The World

The Mystery of ISIS’ Foreign Fighters

The video released over the weekend showing the execution of American aid worker Peter Kassig is going to focus new attention on the role played the Westerners fighting for ISIS. In addition to the British fighter referred to in the U.K. media as “Jihadi John,” the video also features men suspected to be a British medical student from Cardiff and a French national and recent convert to Islam who traveled to Syria last year.

ISIS’s potential threat to Western countries is an important, if a little misguided, reason why the public supports military intervention in Syria and Iraq to counter the group. And concern that fighters could return from the Middle East to their countries of origin to carry out attacks has prompted governments throughout the world, including the United States, to raise the alarm about ISIS recruitment.  As President Obama has said, “Trained and battle-hardened, these fighters could try to return to their home countries and carry out deadly attacks.”

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But is the foreign fighter threat overstated?

Estimates vary, but both U.S. intelligence services and the U.N. say that about 15,000 foreigners have traveled to Syria and Iraq to fight for the Islamic State from 80 countries—a large portion of the group’s total manpower.

About 2,000 of those are from Western countries, including, according to one adviser to the U.S. director of national intelligence, “at least 500 from the U.K, 700 from France, 400 from Germany, and more than 100 Americans [who] have traveled, or tried to travel into Syria.” Australia could actually have the highest number of fighters per capita.

Recruitment methods for these volunteers vary. Some anecdotal evidence suggests that European ISIS fighters are more likely to be recruited in person while Americans are more likely to self-radicalize after encountering online material.

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There’s good reason to wonder just how useful these angry young Western men—and occasionally women—are on the battlefield. The anonymous social networking site Ask.fm has emerged as a popular venue for potential Western recruits to ask questions to English-speaking ISIS fighters. Some of their questions, as reported by Radio Free Europe, include “how easy is it to get contact lenses there? are they expensive?”; “Do you think in the future they will improve wi-fi and stuff?”; “Do u have to cook for yourself and clean everyday?”; and “Could you take captured woman as slaves?”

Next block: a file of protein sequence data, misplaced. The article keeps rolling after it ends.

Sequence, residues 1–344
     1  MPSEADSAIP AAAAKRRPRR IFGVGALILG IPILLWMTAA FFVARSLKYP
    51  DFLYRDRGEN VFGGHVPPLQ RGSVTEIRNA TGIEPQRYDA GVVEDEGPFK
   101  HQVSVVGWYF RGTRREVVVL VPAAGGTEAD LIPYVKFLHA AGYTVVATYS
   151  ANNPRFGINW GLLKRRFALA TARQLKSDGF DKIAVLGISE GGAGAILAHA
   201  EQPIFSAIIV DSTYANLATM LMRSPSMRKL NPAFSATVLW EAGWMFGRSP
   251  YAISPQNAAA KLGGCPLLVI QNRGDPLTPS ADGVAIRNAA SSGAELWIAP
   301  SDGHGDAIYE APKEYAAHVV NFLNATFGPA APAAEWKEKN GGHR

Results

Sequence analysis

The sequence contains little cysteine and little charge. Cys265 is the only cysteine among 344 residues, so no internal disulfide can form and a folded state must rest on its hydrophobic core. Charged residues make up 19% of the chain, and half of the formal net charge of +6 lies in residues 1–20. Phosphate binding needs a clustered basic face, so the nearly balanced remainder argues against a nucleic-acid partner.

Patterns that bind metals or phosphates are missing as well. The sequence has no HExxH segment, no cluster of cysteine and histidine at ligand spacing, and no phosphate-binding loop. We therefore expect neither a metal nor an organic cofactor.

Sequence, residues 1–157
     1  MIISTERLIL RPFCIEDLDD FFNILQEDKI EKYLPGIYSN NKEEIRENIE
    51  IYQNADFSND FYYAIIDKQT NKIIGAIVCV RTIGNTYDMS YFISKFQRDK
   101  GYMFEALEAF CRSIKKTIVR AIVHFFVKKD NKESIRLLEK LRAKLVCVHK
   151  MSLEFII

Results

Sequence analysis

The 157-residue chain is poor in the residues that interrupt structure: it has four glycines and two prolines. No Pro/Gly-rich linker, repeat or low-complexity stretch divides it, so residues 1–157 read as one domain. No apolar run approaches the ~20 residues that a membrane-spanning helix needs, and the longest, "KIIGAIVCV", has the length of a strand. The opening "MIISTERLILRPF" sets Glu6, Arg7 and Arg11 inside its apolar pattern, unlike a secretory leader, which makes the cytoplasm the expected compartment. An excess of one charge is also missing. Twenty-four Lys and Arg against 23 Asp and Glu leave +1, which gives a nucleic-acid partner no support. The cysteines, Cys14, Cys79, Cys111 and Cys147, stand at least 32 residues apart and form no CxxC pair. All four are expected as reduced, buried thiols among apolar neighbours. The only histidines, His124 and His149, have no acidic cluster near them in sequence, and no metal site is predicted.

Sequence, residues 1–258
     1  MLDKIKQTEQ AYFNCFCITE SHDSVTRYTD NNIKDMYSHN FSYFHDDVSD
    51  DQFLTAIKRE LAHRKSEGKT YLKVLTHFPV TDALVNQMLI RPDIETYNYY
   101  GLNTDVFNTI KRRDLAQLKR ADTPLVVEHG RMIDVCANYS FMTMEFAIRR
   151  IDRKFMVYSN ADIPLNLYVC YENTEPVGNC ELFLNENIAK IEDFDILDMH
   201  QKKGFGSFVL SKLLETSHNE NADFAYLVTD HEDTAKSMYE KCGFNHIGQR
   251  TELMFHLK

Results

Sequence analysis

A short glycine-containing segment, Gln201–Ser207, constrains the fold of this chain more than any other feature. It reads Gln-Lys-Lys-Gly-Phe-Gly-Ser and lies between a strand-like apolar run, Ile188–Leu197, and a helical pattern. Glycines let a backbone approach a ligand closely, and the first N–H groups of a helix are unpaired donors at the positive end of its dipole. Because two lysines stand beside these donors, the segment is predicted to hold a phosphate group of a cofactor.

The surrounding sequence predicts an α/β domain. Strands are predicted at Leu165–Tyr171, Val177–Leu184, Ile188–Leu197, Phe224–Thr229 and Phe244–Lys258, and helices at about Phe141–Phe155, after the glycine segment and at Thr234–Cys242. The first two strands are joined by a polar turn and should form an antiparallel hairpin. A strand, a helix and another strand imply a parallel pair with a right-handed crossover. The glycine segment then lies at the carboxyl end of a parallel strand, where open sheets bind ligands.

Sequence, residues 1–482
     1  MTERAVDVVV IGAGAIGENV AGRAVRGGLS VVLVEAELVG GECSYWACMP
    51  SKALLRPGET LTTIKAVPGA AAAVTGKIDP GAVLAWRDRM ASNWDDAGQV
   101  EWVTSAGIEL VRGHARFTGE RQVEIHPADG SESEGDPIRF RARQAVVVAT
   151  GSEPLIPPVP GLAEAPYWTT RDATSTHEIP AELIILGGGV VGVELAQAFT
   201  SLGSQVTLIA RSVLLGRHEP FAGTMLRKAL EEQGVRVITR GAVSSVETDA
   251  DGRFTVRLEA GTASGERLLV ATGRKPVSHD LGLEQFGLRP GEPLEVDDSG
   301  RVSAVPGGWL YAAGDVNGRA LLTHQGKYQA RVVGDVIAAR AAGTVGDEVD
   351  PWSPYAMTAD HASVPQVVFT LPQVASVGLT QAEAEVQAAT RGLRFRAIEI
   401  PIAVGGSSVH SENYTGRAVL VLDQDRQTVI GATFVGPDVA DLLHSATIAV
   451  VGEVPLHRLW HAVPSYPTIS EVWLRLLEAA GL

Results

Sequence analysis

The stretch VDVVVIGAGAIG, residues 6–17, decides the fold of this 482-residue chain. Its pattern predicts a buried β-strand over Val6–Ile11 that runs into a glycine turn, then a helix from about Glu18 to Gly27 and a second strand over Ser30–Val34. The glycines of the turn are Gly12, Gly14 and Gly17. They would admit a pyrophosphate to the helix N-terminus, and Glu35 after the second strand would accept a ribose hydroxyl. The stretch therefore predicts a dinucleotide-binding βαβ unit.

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Despite the reassuring answers they received from their allegedly Syria-based interlocutors, none of these exactly sounds like the queries of battle-ready fighters.

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As journalist Graeme Wood writes, based on an interview with former CIA case officer Patrick Skinner, “As men without significant military training—like most jihadis from Western or upper-class backgrounds—their main purpose is to create grotesque propaganda and, perhaps, to perform the low-skill role of blowing themselves up.”

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The fighters who appeared in the Kassig video exemplified the first function. Moner Mohammad Abusalha, the Florida man who blew himself up at a mountaintop restaurant in Syria in May, exemplified both, recording a video in which he burned his U.S. passport before carrying out the attack.

Daniel Byman and Jeremy Shapiro of the Brookings Institution have argued that the foreign-fighter threat is real but exaggerated, writing:

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[T]he vast majority of Western Muslims who set out to fight in the Middle East today will not come back as terrorists. Many of them will never go home at all, instead dying in combat or joining new military campaigns elsewhere, or they will return disillusioned and not interested in bringing the violence with them. Even among the rare individuals who do harbor such intentions, most will be less dangerous than they are feared to be because they will attract the attention of authorities before they can strike. 

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And as Byman has pointed out elsewhere, “the foreign volunteers’ propensity to use social media to broadcast every detail of their jihadist lives makes them even more likely to be caught.”

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So far, while a number of terrorist plots in North America, Australia, and Europe have been linked to ISIS sympathizers, only one—the shooting at a Jewish Museum in Brussels in May—has been carried out by someone with actual experience in Syria.

Still, it seems unlikely that ISIS has recruited all of these Westerners just to make propaganda—they actually seem to be making less of it lately—or blow themselves up. And it’s also hard to imagine that a group of 20,000 to 30,000 fighters is spending its time baby-sitting a group of 2,000 incompetents.

ISIS’ Western volunteers are clearly playing a role on the ground for the Islamic State, but whether they can really take the fight home is still a mystery.

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